Ferrari issued a recall Tuesday for all U.S.-spec California T models due to a low-pressure fuel line that may develop a leak and cause a fire within the car’s 3.9-liter powerplant. That recall affected a total of 185 Ferrari customers here in the U.S. Now, just one day later, Ferrari has discovered that the same problem exists with the new Ferrari 488 GTB.

Fortunately, none of the U.S.-Spec 488 GTB examples have been sold in the U.S. yet, so Ferrari issued a stop-sale order as opposed to a recall. Until replacement parts can be delivered to dealerships here in the U.S. and installed, the stop-sale order on the 488 will continue. Considering the problem is a faulty fuel line, don’t expect the stop-sale order to last all that long. The process of repair should be rather quick once dealerships receive the adequate replacement parts.

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Why it matters

I feel like I should give credit to Ferrari for acting so quickly to a problem that has been recently discovered, but the scenario is all too familiar. Think back to 2010, the 458 Italia (replaced by the 488 GTB) also had to be recalled due to a fire risk. Back then it took 11 accidents and five examples burned before Ferrari recalled the Italia, and even then, Ferrari wasn’t all that adamant about alerting the public.

Luckily this time around, there haven’t been any instances of fire with the California T (that we know of) and the 488 GTB hasn’t been delivered to U.S. customers yet. This isn’t something that should be expected from a manufacturer like Ferrari. It considers itself the best, so why is it selling fire hazards on wheels? Until Ferrari can figure out what quality and safety inspection means, I guess it’s in the public’s best interest to wait a while before purchasing a new Ferrari model. At least then Ferrari will have a chance to fix everything it didn’t get right on the assembly line.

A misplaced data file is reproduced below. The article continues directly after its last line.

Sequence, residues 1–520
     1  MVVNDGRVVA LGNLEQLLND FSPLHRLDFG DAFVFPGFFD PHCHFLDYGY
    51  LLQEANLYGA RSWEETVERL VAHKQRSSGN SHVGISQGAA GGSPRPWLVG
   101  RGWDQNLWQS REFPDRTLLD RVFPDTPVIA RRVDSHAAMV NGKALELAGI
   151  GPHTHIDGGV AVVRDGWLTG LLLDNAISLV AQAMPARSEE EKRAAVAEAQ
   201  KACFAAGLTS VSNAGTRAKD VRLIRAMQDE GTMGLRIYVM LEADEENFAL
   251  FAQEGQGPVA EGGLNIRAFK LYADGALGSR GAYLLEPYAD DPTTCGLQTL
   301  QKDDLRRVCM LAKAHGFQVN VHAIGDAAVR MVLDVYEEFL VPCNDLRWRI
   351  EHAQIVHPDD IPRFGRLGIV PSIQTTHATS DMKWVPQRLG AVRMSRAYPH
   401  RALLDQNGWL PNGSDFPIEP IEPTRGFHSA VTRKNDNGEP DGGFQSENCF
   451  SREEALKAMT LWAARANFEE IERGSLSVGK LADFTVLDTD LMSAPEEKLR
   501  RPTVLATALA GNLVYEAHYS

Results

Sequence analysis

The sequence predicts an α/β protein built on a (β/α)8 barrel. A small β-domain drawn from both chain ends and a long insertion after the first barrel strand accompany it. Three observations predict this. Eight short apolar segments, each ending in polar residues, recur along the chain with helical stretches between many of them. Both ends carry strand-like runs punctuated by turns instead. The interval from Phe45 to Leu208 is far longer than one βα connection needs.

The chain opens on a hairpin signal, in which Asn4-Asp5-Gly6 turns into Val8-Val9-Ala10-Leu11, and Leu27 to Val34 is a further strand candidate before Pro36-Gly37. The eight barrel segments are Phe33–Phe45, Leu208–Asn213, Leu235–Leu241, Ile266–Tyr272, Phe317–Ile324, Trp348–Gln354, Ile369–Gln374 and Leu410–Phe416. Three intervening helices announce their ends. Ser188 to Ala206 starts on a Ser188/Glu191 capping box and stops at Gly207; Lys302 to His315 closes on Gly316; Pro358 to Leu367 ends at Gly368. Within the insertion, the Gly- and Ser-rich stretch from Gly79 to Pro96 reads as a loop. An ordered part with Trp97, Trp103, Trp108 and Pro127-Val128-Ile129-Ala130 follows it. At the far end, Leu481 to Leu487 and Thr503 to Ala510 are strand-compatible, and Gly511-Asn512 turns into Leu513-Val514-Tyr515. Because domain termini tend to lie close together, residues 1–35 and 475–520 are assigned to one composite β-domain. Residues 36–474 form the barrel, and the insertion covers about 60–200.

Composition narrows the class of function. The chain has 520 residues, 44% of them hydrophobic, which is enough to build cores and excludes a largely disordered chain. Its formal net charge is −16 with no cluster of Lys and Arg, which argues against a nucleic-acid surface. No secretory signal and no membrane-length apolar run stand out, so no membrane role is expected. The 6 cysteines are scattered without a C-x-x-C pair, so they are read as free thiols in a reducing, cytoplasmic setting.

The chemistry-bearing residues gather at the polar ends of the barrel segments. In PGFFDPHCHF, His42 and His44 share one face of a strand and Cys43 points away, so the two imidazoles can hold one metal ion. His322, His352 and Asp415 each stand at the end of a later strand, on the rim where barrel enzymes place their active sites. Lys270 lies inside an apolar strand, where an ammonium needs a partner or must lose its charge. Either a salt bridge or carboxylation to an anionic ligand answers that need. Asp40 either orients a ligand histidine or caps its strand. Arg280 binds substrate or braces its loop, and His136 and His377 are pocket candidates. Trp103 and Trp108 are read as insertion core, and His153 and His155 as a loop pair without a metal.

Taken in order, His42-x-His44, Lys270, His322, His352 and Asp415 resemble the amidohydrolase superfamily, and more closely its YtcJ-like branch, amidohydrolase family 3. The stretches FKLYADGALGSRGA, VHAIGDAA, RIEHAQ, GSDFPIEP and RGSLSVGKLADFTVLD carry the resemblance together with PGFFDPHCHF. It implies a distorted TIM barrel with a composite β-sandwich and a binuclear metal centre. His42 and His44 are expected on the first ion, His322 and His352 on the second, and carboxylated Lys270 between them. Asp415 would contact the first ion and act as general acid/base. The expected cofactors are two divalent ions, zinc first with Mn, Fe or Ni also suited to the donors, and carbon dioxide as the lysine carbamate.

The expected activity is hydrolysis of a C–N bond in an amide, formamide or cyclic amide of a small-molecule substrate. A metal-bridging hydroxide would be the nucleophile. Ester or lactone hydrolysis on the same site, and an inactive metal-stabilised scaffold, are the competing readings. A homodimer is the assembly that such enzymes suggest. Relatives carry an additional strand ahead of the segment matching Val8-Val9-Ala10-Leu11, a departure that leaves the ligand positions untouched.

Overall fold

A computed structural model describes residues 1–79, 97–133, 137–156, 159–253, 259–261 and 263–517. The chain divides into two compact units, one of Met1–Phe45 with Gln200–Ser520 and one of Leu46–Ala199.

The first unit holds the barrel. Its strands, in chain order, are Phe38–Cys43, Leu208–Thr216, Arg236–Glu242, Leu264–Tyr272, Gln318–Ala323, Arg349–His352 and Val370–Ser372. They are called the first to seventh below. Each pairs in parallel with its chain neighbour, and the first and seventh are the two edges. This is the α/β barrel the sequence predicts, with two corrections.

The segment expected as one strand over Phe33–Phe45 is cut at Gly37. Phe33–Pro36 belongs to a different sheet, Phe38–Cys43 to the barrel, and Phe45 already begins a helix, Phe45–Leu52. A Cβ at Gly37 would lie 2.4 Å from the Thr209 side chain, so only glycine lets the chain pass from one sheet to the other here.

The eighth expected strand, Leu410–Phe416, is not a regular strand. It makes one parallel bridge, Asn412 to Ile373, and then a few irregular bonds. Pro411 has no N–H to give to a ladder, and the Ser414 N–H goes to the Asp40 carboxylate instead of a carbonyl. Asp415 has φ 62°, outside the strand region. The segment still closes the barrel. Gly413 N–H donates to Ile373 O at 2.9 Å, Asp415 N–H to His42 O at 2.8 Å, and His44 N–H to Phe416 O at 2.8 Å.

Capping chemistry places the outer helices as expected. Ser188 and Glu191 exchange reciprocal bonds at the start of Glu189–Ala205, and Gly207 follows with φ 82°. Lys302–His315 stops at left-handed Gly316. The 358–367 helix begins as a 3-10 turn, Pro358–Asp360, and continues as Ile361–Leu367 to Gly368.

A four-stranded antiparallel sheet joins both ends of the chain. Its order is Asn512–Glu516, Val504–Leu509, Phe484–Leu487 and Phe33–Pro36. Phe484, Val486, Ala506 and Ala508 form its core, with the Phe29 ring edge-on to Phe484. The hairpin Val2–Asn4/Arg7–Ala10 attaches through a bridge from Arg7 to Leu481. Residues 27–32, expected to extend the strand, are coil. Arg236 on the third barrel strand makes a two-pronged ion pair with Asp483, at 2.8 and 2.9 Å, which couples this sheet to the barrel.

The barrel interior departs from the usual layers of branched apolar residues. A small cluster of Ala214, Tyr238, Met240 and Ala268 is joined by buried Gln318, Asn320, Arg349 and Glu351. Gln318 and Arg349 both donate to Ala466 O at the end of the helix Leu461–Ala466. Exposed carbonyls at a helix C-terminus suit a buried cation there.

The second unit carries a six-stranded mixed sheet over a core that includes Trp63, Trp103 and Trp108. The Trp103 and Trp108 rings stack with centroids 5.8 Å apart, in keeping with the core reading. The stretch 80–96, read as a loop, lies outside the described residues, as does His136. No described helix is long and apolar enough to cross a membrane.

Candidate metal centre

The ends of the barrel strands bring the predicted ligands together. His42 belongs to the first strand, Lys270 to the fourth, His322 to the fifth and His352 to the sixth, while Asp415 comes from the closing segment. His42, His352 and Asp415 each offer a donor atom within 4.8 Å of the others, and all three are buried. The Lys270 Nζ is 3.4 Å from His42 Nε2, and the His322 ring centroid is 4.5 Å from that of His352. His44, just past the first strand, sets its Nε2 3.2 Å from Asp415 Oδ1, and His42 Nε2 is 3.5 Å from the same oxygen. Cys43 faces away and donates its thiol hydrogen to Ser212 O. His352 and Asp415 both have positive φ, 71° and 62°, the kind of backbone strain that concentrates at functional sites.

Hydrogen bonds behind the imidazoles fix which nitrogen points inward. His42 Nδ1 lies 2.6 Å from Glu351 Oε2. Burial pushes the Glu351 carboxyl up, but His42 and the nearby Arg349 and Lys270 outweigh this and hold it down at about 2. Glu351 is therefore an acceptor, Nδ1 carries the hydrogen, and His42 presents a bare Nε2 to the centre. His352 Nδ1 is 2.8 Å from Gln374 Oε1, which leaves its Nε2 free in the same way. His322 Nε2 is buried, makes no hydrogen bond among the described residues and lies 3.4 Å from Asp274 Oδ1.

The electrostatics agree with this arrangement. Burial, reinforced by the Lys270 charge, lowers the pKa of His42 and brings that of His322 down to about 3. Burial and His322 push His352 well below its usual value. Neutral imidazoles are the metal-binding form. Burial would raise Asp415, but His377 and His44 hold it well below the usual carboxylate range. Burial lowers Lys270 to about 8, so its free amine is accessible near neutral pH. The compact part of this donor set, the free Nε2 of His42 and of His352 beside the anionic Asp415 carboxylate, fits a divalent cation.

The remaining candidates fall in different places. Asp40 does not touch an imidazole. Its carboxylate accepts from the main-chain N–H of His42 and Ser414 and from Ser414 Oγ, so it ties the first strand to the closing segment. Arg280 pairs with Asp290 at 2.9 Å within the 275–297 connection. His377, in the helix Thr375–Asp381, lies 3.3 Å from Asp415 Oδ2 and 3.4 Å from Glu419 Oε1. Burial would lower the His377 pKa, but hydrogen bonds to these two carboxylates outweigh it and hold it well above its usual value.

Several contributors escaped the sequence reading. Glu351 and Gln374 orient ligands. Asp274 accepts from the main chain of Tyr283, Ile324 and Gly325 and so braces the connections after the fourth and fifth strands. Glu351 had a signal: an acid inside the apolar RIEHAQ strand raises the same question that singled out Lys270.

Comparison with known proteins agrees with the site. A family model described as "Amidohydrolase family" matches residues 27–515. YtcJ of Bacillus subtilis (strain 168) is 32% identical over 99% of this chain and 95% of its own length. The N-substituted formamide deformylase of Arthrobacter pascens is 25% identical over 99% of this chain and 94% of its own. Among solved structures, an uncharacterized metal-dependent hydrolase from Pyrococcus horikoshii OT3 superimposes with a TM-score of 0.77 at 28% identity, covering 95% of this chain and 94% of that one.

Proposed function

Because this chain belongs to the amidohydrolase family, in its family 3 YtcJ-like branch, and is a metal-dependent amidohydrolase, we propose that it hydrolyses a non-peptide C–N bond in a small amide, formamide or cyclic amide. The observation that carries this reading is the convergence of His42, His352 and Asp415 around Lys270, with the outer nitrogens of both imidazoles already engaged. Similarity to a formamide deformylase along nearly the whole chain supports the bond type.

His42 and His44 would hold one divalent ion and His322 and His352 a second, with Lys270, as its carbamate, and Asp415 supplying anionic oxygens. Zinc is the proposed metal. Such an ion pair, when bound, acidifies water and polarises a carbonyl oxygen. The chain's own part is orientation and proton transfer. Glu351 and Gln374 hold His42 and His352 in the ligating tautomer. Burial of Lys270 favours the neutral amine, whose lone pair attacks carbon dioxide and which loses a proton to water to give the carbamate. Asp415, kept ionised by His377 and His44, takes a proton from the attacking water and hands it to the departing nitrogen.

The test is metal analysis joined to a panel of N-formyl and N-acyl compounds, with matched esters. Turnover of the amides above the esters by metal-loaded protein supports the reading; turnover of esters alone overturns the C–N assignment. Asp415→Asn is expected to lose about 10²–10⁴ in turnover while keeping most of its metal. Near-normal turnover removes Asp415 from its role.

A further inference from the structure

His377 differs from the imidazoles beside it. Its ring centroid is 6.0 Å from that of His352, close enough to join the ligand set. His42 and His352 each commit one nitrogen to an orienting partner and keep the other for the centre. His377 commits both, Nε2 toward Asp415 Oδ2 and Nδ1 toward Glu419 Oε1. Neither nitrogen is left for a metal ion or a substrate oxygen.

Ferrari 488 GTB

2016 Ferrari 488 GTB Exterior
- image 620088

Read our full review on the Ferrari 488 GTB here.

Source: Carscoops

Robert Moore
Editor-in-Chief and Automotive Expert -
Robert has been an auto enthusiast his entire life. He started working cars at a young age, learning the basics from his father in the home garage on the weekends. As time went on, Robert became more and more interested in cars and convinced his father to teach him how to drive when he was just 13 years old. Robert continued working on cars in his free time and learned as much as he could about engines, transmissions, and car electrical systems, something that only fed his curiosity more and eventually led him to earn a bachelors degree in automotive technology with a primary focus on engine performance and transmission rebuilding.  Read More
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